MARANELLO, Italy (Reuters) - When it comes to luxury sports cars, Ferrari begs to differ with the Pope.
The Vatican issued a document listing its rules of the road, including one warning against using cars “as a means for outshining other people and arousing a feeling of envy.”
Ferrari’s general manager acknowledged the Vatican’s concern that some drivers could use the cars as status symbols, but he said most people bought Ferraris for the love of driving.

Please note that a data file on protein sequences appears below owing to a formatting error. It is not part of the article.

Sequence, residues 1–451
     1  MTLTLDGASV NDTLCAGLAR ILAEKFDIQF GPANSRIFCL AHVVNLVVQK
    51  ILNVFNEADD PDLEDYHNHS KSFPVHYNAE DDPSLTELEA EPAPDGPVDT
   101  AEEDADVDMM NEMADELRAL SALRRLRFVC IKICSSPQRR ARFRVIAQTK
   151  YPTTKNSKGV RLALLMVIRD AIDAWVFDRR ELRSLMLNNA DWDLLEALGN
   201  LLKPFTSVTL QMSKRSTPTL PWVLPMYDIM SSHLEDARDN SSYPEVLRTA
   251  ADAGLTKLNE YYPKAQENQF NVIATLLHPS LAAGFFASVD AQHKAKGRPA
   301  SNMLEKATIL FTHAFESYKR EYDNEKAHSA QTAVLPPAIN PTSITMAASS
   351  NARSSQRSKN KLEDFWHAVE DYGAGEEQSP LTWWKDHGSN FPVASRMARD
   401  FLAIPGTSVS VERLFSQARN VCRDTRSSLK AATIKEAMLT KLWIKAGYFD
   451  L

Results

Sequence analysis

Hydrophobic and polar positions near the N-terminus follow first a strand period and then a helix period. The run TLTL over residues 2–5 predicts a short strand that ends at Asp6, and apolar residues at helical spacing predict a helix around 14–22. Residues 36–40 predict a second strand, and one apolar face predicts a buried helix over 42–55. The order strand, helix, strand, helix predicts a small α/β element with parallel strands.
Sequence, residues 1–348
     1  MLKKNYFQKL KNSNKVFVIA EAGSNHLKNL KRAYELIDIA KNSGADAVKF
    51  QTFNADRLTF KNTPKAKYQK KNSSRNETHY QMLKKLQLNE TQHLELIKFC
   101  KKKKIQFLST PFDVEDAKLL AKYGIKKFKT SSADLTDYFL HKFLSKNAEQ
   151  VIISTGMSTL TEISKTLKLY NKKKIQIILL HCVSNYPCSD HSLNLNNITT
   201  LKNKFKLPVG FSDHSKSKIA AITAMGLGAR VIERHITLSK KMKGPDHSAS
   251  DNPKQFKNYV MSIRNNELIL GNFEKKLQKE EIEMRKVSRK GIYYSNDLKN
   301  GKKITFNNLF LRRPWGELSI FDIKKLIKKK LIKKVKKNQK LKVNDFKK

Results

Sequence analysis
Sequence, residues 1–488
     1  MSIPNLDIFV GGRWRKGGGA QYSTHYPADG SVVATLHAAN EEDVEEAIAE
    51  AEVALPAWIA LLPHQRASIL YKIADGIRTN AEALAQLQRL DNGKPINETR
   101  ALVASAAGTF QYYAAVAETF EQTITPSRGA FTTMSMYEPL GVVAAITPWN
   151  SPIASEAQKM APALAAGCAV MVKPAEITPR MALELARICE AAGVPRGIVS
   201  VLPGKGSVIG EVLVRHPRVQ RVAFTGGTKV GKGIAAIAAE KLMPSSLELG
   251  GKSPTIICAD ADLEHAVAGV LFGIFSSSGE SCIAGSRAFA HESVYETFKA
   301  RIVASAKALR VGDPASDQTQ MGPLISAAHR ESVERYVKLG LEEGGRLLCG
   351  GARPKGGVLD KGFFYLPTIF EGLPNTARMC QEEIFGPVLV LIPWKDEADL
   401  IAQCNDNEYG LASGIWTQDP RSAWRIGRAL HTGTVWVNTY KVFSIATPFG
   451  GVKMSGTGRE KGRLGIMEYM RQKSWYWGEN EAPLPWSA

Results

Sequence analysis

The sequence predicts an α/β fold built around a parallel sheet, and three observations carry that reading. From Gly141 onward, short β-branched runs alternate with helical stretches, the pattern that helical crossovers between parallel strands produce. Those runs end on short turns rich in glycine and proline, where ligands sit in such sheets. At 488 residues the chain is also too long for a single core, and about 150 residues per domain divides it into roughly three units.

“Unless having fun has become a sin, I don’t believe it (to be wrong),” Amedeo Felisa told Reuters this week at an event celebrating Ferrari’s 60th anniversary in its hometown southeast of Milan.
A unit of Italy’s Fiat, Ferrari makes some of the world’s most exclusive cars, each worth more than 100,000 euros.
Felisa was convinced that buying a Ferrari was not a sin.
“I hope not — but you should commit at least one from time to time,” he said.